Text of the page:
Our Valley, Our Future shows us the power of engaging the community
By Rufus Woods, Publisher, The Wenatchee World
Gustavo Montoya, Publisher, El Mundo
This is a momentous occasion — one that we will look back on in years to come as a defining moment in our valley. The Our Valley, Our Future (Nuestro Valle, Nuestro Futuro) process is a shining example of grass0roots community building — in which we turned traditional top-down planning on its head and invited ordinary citizens to share their vision and take ownership of making positive change.
By contrast, engaging the community first, which is the central tenet of Our Valley, Our Future, turned out to be a powerful approach that is building a sense of shared ownership. One of the assumptions in our society is that citizens are apathetic and will not engage in civic affairs. How often have we heard the phrase “Those people won’t get involved”?
What Our Valley, Our Future has demonstrated is that people do want to get involved and that they will support what they help to create. Thousands of people invested their time to answer surveys, provide feedback and talk about their vision for the future. They were asked open-ended questions about what really mattered to them, and they jumped at the chance to participate. Organizations jumped at the chance to provide leadership on dozens of community improvement projects.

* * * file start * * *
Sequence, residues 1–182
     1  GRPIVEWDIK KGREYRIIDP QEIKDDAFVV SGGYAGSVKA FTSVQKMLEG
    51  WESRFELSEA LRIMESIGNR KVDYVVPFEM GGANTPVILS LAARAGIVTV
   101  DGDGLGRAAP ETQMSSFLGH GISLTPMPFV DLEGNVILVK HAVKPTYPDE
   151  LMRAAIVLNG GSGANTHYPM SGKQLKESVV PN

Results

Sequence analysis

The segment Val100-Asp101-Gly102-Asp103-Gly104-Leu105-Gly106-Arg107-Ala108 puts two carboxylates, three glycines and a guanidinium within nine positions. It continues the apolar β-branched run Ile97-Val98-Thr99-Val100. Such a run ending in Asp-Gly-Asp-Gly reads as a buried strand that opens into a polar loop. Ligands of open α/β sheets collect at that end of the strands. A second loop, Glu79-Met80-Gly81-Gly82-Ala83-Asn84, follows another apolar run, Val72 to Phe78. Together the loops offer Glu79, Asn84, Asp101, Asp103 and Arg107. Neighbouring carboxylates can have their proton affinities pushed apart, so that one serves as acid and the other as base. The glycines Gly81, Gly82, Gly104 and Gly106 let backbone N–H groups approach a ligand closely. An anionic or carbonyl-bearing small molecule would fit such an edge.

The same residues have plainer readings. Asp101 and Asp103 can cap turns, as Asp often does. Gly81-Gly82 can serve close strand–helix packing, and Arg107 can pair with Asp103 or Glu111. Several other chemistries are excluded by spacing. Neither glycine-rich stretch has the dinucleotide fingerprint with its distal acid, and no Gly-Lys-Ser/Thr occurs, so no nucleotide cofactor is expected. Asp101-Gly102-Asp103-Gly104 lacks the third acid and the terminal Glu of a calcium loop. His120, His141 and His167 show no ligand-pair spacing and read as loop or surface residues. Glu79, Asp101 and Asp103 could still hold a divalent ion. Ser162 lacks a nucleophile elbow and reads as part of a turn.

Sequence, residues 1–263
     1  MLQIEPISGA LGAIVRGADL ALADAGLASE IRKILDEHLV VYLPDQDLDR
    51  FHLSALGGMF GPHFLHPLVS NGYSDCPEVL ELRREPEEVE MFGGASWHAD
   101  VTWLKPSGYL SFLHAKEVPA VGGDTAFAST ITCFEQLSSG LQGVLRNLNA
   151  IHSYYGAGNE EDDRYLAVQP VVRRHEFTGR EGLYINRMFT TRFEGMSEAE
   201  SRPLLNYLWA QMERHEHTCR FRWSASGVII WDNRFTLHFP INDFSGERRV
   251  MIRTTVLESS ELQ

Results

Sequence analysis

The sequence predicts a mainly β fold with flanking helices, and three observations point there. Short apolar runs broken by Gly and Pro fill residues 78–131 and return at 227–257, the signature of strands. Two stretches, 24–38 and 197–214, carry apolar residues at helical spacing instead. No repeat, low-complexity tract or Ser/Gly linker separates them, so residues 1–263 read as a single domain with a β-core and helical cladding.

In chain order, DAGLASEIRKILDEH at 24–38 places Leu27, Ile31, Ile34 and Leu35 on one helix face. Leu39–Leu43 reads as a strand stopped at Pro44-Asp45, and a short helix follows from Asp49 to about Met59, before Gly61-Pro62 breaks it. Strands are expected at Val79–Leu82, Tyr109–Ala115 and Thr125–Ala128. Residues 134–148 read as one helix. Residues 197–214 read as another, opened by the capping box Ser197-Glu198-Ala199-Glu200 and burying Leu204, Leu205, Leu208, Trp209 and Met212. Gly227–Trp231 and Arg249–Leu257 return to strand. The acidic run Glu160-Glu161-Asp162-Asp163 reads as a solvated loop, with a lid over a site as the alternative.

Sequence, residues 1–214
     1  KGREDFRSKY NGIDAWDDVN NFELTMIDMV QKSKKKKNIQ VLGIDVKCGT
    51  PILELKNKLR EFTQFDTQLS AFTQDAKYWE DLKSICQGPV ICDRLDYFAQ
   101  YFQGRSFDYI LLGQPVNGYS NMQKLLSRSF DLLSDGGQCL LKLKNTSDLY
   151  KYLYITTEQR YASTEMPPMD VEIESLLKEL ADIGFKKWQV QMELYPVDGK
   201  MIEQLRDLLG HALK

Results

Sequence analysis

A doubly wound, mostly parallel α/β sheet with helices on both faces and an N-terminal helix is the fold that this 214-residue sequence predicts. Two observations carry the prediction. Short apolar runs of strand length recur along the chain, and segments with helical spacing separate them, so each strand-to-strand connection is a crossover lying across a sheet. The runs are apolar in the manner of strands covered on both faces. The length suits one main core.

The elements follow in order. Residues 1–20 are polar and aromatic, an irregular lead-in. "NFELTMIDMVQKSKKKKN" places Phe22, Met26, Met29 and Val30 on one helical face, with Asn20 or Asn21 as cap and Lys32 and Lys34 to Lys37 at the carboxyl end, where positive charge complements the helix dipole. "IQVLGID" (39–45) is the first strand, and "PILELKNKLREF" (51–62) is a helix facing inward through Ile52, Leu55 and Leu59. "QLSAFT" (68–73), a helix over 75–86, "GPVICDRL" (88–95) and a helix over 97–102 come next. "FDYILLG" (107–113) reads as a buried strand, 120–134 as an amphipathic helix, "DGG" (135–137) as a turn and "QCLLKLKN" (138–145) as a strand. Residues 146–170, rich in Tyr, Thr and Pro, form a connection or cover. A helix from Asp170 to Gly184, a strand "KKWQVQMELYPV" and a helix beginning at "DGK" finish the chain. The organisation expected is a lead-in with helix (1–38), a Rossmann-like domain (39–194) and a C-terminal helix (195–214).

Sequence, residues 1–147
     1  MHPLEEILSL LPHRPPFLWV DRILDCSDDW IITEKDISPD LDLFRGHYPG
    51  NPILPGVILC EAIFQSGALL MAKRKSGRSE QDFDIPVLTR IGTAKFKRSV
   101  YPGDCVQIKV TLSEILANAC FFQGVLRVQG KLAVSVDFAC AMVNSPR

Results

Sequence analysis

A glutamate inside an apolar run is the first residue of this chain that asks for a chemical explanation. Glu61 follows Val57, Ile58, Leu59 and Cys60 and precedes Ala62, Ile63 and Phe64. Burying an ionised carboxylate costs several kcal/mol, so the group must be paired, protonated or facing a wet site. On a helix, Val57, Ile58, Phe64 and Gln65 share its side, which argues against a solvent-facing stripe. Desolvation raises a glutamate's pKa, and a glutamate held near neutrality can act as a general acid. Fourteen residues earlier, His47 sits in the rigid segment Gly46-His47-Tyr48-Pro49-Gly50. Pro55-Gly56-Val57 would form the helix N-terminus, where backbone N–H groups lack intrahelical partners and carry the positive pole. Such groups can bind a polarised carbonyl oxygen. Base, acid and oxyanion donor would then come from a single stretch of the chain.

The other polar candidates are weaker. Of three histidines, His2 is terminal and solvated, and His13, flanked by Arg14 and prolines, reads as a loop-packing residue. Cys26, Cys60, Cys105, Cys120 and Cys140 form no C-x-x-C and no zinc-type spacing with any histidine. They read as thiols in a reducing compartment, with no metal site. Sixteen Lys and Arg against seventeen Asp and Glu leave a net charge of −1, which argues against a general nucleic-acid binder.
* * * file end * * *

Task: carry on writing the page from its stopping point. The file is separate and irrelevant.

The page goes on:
Another thing that makes the Our Valley, Our Future effort significant is that it invited us to imagine about a valley-wide vision of community success. That’s a radical departure from standard practice of looking at things only in terms of jurisdictional boundaries.
Make no mistake about it – those separate plans by counties, cities and agencies are important and necessary. But the Our Valley, Our Future plan describes a broader community vision that is driven by collaboration rather than competition, by direct involvement of citizens, businesses and nonprofits toward a larger purpose.
When you think about it, Our Valley, Our Future is very much in the spirit of Make A Difference Day where ordinary citizens are in charge. Make a Difference Day and Our Valley, Our Future invite individuals, businesses, service clubs and government agencies to participate in any way that makes sense to them. Inviting people to take ownership is a powerful way to think about building community. No one is forced to accept the principles of Our Valley, Our Future. No one is required to agree that cooperation is a good thing.
With Our Valley, Our Future, we are unleashing the creativity of community members — young and old, rich, middle class and poor, of all faiths backgrounds, ethnicities, etc. — to participate in making a difference. Involvement is voluntary — it’s a coalition of the willing. At its essence, it is more than a program or a plan — it’s a movement.
The plan that emerged from this process is one that emphasizes continuous community improvement. We see this as the start of a new era where all of us take ownership in building a valley that is collaborative, cooperative, respects and values everyone in our community, and one in which we are committed to addressing our challenges together.
This is an effort that will bring us closer together and help us achieve more in our communities through joint action based on shared community.
The Pulitzer Prize-winning author Alice Walker once said “We are the ones we’ve been waiting for.” Our Valley, Our Future reflects that powerful confidence and resolve to make our communities great by pitching in and making things happen together. We are taking our valley’s future in our hands and committing ourselves to building more resilient, compassionate and successful valley.